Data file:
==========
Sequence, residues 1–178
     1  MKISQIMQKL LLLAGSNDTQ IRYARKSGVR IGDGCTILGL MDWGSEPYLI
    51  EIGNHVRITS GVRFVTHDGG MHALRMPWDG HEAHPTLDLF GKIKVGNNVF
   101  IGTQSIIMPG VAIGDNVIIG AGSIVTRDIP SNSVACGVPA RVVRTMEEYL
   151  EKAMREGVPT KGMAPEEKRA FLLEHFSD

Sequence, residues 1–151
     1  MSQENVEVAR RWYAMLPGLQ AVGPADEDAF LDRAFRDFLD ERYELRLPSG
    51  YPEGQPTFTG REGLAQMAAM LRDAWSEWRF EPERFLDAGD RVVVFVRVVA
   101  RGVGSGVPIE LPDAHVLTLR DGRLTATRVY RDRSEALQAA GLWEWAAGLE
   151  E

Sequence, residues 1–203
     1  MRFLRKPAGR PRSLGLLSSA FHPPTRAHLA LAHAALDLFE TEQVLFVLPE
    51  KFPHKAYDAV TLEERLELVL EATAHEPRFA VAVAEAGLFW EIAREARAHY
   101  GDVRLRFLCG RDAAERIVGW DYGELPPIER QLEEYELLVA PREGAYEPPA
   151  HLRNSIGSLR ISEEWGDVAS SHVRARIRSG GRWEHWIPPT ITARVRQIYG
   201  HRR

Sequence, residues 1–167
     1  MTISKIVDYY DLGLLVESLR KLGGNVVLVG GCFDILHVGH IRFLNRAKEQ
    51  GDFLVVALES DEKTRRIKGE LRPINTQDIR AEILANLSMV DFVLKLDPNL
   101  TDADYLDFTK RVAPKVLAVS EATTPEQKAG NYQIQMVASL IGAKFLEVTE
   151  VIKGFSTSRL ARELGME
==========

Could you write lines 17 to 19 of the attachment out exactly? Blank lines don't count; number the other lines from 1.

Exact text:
Sequence, residues 1–167
     1  MTISKIVDYY DLGLLVESLR KLGGNVVLVG GCFDILHVGH IRFLNRAKEQ
    51  GDFLVVALES DEKTRRIKGE LRPINTQDIR AEILANLSMV DFVLKLDPNL